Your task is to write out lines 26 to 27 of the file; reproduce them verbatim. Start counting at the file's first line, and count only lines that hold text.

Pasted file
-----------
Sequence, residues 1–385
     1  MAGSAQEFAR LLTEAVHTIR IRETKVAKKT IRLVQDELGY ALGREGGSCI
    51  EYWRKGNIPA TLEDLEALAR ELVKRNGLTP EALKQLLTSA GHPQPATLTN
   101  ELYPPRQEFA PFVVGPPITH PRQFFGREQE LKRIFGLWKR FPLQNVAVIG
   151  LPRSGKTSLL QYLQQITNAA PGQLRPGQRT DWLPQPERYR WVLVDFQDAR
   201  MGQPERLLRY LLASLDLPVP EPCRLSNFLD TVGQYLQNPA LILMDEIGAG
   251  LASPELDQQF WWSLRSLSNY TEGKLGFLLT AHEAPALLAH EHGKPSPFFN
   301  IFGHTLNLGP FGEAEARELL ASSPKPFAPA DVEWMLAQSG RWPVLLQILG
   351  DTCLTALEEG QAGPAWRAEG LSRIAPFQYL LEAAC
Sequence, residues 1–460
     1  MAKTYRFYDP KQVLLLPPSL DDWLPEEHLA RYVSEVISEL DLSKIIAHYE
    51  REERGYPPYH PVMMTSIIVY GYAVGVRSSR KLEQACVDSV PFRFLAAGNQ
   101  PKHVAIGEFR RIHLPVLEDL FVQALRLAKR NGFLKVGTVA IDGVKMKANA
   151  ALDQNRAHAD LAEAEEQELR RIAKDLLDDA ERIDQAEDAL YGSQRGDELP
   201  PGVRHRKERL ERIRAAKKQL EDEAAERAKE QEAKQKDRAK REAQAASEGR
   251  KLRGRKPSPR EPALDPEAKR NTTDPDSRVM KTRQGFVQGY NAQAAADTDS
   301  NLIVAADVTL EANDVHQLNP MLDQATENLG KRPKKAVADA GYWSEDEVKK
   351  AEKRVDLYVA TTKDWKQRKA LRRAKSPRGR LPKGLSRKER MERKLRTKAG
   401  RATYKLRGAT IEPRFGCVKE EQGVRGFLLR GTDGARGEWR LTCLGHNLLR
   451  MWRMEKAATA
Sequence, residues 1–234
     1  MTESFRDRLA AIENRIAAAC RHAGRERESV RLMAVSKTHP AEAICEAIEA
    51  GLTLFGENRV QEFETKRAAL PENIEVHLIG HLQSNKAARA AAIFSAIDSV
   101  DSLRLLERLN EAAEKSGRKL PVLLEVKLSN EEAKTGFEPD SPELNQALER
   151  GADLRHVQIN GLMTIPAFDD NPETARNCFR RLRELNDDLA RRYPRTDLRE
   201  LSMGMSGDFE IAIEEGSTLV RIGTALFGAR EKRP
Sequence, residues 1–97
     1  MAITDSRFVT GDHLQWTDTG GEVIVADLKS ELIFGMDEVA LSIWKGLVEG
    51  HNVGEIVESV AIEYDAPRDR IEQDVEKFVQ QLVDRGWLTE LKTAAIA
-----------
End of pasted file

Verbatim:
   201  LSMGMSGDFE IAIEEGSTLV RIGTALFGAR EKRP
Sequence, residues 1–97